Everyone who develops alcoholism has their own circumstances, personal history and other factors that caused their substance abuse problem. However, there are certain traits that many people with addictions tend to share such as the tendency to act impulsively. For alcoholics, impulsivity is one of the classic characteristics of people susceptible to dependency.
It is important for alcoholics to be aware of their impulsive nature, especially when they are in recovery and need to be vigilant about preventing a relapse. Alcoholism and impulsive behaviors have almost always been linked and many studies have found that the risk for both issues are connected. People that are impulsive are often seeking novelty or new sensations which can also lead to alcohol abuse.
In a sense, alcoholism itself is a type of impulse control issue that can never fully be resolved except by removing the substance from the person’s life. People with impulse control issues tend to act self-destructively and engage in harmful behavior that impairs their functioning. Alcoholics behave the same way but much of their impulsive and harmful actions center around alcohol.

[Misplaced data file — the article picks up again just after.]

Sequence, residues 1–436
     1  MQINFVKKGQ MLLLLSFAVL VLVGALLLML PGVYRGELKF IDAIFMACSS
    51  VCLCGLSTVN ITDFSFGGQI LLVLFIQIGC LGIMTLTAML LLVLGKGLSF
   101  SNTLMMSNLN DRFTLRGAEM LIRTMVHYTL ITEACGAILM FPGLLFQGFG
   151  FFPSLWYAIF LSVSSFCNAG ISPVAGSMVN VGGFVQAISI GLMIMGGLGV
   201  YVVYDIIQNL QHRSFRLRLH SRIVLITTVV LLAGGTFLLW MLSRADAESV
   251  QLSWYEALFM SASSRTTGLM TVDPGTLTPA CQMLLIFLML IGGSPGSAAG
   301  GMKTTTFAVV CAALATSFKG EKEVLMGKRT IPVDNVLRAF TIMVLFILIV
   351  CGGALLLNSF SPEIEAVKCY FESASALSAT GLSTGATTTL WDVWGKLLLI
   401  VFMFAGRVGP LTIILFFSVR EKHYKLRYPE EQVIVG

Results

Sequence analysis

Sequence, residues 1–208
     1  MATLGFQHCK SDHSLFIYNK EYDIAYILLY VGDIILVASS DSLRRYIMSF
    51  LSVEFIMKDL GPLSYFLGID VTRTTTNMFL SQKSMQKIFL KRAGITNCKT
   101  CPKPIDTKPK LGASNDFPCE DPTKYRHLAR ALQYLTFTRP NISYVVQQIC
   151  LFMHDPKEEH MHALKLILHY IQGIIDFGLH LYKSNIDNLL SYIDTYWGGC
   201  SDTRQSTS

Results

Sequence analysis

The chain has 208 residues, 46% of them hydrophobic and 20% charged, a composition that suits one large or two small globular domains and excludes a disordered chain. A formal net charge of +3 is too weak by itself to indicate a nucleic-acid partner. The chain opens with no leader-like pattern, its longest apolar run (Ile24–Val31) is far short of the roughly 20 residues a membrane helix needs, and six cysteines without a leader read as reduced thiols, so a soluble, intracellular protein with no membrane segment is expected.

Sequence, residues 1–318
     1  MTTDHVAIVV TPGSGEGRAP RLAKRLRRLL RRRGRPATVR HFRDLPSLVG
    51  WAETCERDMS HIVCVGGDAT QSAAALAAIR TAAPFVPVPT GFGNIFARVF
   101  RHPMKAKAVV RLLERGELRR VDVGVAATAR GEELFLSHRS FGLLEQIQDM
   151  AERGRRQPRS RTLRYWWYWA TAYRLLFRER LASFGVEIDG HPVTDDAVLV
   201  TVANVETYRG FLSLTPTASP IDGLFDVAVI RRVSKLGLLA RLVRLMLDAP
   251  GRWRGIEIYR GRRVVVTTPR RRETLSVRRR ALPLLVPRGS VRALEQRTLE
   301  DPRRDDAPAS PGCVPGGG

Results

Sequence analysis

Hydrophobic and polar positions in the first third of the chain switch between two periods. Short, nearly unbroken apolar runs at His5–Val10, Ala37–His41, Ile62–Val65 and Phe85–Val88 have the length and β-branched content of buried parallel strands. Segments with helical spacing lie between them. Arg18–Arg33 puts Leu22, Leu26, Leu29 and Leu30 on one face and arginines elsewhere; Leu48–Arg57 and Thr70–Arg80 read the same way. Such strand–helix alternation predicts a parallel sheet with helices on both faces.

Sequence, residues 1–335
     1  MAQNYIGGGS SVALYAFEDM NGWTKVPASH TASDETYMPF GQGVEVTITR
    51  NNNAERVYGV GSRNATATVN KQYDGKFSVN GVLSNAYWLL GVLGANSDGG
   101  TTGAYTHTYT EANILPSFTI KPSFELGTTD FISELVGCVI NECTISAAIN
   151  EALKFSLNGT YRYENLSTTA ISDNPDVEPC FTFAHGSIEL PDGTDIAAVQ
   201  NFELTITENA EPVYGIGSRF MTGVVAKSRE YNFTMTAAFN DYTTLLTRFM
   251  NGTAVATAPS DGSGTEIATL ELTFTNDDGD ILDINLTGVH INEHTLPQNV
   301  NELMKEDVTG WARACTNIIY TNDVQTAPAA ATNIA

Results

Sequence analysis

Studies have revealed that alcoholics have an imbalance of certain neurotransmitters in the brain which can cause impulsive behavior. Alcohol use can actually increase the effects of the neurotransmitters that cause impulsivity. Many alcoholics already have impulsive behavior due to their brain structure and drinking only increases those tendencies.
This is one of the reasons why alcoholics can only recover if they remain completely abstinent from any alcohol use. Their impulsive nature may always be present to a certain extent but they can learn to channel it and avoid using alcohol as an outlet for their compulsions. Sobriety can also help decrease impulsivity and make it easier for alcoholics to moderate their behavior as much as possible.